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China Girl blog 9th October 2019

The low-slanting light of autumn highlights the dying garden, making us all aware of the work to be done if the garden is to be put to bed within the next few months; this is, as usual our autumn aim. We always begin this mammoth task with the herbaceous border, which took three days to clear, and included trimming the standard yews and the small round yew balls.

Last week when Ma was in the greenhouse, a woman opened her large bag to pay for a plant and out tumbled plant material. Ma asked her if she had taken the cuttings from Cothay, she unashamedly replied “I always take cuttings from gardens I visit.” Of course, Ma was furious, saying “Suppose everyone stole from the garden?” Ma took her bag, tipped it on the floor saying “You are a thief, now leave and never come back!” All this reminded Ma of Lady Maconochie, who wrote a ditty in 1967, as follows:

Awake my muse, bring bell and book

            To curse the hand that cuttings took

            May ever sort of garden pest

            His little plot of ground infest

            Who stole the plants from Inverew,

            From Falkland Place, Cothay too?

            Let caterpillars and capsid bugs,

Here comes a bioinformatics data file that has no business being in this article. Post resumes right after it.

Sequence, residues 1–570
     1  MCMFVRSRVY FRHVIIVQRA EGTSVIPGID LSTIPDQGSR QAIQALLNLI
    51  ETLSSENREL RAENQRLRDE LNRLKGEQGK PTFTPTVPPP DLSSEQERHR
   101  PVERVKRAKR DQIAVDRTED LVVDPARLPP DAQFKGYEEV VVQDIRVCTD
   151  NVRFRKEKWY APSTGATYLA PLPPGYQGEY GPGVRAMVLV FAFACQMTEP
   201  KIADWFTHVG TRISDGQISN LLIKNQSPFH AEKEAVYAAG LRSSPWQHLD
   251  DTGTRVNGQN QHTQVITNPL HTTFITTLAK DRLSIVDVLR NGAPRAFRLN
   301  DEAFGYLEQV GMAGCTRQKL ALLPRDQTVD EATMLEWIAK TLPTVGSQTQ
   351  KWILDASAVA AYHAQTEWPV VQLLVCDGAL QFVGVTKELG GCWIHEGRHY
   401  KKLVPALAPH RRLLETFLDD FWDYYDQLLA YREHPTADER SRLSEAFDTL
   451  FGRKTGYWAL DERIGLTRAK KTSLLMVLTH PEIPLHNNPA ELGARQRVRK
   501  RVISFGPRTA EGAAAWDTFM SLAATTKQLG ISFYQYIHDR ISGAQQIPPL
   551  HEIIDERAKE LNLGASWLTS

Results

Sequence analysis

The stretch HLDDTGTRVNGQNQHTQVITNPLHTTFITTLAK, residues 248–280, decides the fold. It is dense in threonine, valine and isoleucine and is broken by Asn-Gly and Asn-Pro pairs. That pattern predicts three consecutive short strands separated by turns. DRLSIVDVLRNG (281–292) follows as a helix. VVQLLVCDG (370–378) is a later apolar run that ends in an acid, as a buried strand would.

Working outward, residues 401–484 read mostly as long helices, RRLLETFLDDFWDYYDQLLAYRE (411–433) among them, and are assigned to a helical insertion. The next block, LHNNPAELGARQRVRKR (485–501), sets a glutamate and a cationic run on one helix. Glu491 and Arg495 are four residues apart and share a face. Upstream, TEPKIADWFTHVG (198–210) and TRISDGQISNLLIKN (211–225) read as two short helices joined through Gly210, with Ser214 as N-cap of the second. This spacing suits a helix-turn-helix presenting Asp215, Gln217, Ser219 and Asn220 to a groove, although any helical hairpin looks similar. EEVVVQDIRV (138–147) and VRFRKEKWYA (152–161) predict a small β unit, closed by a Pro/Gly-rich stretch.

Leaf-hoppers, thrips all sorts of slugs,

            Play havoc with his garden plot

            And a late frost destroy the lot!

Moles have been a problem by the river in the lower meadow. Wesley, who has been here for nearly thirty years, is the only person able to trap them. He said in his youth (he is now over 80 years old) that the local farmer gave him a penny for every mole he caught; how times have changed!

On another subject, which to her surprise, Ma read that it is only 50% of the world’s calories which are derived from only three plants – wheat, rice and corn (or maize as the Americans call it). Also, that 90% of the world’s food comes from only twenty plants.

Flowering are the asters, Michaelmas daisies coming mostly from North America and Europe; they make a lovely splash of colour, along with the hardy chrysanthemums. A whole bed would be lovely at this time of year, but we haven’t got around to this, it is yet another project.

The garden, as we put it to bed is full of fading memories, and Ma wishes that spring and summer would last a little longer.

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